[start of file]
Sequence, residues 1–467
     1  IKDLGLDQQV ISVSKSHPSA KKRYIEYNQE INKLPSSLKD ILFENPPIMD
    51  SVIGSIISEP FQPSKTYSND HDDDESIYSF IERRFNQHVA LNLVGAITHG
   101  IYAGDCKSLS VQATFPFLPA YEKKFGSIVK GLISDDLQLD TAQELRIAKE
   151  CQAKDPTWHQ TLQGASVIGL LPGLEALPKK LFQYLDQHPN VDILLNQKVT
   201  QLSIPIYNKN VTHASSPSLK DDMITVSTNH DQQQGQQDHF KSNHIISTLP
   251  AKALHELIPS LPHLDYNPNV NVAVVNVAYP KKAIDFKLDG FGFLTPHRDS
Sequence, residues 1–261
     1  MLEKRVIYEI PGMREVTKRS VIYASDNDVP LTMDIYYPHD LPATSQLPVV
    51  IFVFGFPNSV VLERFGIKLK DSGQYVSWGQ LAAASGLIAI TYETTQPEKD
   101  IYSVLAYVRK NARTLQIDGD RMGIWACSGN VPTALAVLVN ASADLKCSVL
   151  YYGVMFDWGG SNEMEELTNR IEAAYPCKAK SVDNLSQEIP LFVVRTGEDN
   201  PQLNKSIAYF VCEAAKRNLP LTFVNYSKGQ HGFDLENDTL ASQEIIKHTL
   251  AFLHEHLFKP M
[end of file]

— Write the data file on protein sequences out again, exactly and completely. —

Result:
Sequence, residues 1–467
     1  IKDLGLDQQV ISVSKSHPSA KKRYIEYNQE INKLPSSLKD ILFENPPIMD
    51  SVIGSIISEP FQPSKTYSND HDDDESIYSF IERRFNQHVA LNLVGAITHG
   101  IYAGDCKSLS VQATFPFLPA YEKKFGSIVK GLISDDLQLD TAQELRIAKE
   151  CQAKDPTWHQ TLQGASVIGL LPGLEALPKK LFQYLDQHPN VDILLNQKVT
   201  QLSIPIYNKN VTHASSPSLK DDMITVSTNH DQQQGQQDHF KSNHIISTLP
   251  AKALHELIPS LPHLDYNPNV NVAVVNVAYP KKAIDFKLDG FGFLTPHRDS
Sequence, residues 1–261
     1  MLEKRVIYEI PGMREVTKRS VIYASDNDVP LTMDIYYPHD LPATSQLPVV
    51  IFVFGFPNSV VLERFGIKLK DSGQYVSWGQ LAAASGLIAI TYETTQPEKD
   101  IYSVLAYVRK NARTLQIDGD RMGIWACSGN VPTALAVLVN ASADLKCSVL
   151  YYGVMFDWGG SNEMEELTNR IEAAYPCKAK SVDNLSQEIP LFVVRTGEDN
   201  PQLNKSIAYF VCEAAKRNLP LTFVNYSKGQ HGFDLENDTL ASQEIIKHTL
   251  AFLHEHLFKP M